The Missing Ingredient

I am a strong believer in the power of music. Whether it is driving down the road windows down blaring a great song and singing at the top of your lungs or turning on that just right song when you have had a bad day or enjoying a quiet morning birds singing and Mozart playing, music fills the gaps in our lives. It is immediate it is satisfying and it arouses the emotions. If you listen to a lot of music then I believe you have a healthy soul, a well nurtured soul. Since my vision impairment I am almost homebound and I don’t know what I would do if I didn’t have my dog and if I didn’t have my music. It’s just that important.

Lately I have really been on a roll bashing country music. I don’t like much of it and what I do is generally old. Last night while thinking about my topic today I realized one other reason. Country just doesn’t have bands. There are exceptions but let me tell you what I have never heard or participated in that I have with rock and roll about a hundred times. I probably had a similar conversation like this one a hundred times in junior high and high school.

Me: “Kiss would be nothing without Ace Frehley.”

Friend: “You’re an idiot, everyone knows its Gene who keeps that band going.”

Me: “Nu uh I am not an idiot. Gene spits blood anyone can do that, Ace shreds guitar and he’s from outerspace.”

I know what you’re thinking clearly I was wrong about Ace.

Was not.

Part of loving a band is having your favorite band member. Almost everyone has a favorite Beatle, a favorite Rolling Stone. People still are upset because Steve Perry isn’t with Journey anymore. I won’t ever watch them live. I just won’t. Some bands can survive a loss be it a death or just a band member going their own way. I didn’t care at all when Peter Cetera left Chicago, good riddance to a control freak who believed he was bigger than the band but after Terry Kath died I didn’t listen to Chicago for close to 20 years. Country is about solo artists, rock and roll is about bands.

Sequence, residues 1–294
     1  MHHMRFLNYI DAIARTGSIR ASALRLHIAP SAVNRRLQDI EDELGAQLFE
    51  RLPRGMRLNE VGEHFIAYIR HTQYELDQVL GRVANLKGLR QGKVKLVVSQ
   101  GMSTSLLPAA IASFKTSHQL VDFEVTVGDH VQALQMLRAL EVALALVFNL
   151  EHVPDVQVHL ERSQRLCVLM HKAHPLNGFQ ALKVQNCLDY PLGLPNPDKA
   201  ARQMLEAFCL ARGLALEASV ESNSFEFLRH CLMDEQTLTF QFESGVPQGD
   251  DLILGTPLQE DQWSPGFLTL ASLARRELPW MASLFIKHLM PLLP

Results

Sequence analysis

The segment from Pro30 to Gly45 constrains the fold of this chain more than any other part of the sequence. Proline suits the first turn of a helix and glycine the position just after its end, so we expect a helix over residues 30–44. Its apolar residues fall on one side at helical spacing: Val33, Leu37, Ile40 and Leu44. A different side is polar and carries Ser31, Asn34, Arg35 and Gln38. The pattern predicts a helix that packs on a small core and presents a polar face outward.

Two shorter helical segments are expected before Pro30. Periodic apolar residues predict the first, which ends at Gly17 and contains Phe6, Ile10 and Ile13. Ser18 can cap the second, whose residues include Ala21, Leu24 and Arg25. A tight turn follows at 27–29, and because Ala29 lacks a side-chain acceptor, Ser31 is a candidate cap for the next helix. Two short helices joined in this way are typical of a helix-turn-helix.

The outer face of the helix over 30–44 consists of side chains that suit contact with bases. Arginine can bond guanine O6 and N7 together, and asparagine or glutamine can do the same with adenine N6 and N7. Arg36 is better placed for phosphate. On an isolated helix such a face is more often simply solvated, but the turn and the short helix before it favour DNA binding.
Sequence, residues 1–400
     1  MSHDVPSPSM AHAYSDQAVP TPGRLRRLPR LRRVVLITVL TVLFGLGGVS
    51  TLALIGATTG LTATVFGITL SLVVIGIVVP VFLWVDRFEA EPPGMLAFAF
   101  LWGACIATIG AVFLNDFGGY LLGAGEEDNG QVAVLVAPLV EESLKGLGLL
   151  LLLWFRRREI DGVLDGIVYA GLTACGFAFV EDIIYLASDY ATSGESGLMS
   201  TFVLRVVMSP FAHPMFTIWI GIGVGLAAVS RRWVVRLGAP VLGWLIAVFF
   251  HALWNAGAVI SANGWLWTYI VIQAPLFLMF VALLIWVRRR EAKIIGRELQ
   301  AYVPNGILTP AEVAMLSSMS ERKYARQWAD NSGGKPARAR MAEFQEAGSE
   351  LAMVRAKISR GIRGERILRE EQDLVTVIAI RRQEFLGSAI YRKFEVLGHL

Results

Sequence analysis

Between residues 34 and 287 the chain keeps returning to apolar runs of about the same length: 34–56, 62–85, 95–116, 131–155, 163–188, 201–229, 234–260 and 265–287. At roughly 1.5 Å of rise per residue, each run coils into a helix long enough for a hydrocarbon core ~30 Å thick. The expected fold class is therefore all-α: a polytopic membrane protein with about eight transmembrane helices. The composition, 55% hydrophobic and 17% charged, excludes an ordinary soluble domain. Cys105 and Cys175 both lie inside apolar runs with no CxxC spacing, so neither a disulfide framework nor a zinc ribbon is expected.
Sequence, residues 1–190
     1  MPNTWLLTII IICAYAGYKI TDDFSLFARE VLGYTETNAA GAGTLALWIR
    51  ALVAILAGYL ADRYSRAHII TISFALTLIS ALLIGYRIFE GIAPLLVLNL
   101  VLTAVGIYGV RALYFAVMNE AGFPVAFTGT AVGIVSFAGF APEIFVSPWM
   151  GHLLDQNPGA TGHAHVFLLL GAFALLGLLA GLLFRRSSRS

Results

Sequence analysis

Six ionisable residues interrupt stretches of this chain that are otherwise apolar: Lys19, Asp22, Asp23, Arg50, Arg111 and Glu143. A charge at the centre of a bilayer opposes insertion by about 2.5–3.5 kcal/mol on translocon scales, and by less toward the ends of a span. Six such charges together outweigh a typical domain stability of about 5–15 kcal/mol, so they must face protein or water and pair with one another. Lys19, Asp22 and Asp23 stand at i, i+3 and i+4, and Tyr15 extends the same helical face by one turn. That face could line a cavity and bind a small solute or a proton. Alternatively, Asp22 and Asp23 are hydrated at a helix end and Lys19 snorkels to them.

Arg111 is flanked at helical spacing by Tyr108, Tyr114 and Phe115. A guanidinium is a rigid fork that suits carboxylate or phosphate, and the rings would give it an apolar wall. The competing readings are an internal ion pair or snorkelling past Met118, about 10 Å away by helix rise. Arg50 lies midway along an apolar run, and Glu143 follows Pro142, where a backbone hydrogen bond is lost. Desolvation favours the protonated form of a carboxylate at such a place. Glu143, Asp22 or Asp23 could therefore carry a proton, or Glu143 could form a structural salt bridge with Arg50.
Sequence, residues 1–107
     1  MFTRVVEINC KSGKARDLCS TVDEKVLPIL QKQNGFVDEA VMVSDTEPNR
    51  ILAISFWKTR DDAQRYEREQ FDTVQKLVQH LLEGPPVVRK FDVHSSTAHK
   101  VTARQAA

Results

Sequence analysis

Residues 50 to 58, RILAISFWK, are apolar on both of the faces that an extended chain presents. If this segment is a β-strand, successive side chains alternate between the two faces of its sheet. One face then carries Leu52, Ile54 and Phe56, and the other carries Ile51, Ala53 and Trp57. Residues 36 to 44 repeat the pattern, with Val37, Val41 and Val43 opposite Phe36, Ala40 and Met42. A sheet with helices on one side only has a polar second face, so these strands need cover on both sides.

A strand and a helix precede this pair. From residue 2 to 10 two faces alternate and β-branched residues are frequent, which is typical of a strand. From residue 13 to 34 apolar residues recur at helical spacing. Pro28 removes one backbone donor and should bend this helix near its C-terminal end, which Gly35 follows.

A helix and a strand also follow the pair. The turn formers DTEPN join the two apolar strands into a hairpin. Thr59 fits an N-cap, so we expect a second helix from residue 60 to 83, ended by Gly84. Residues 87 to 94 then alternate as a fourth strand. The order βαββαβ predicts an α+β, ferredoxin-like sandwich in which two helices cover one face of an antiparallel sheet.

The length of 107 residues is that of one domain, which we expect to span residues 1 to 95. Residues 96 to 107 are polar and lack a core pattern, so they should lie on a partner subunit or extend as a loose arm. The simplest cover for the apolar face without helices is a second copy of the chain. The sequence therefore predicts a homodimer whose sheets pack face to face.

I get a lof of suggested pages on my facebook page because I am always posting music or sharing music and because I share a lot of these suggested pages or like them facebook makes sure I have a lot of them to look at. A couple of months ago a video came up of the Cars playing a song on late night television, might have been Conan from their last album Move Like This. Now I enjoyed that album but clearly there was a missing ingredient and being a Cars fan I knew what it was immediately.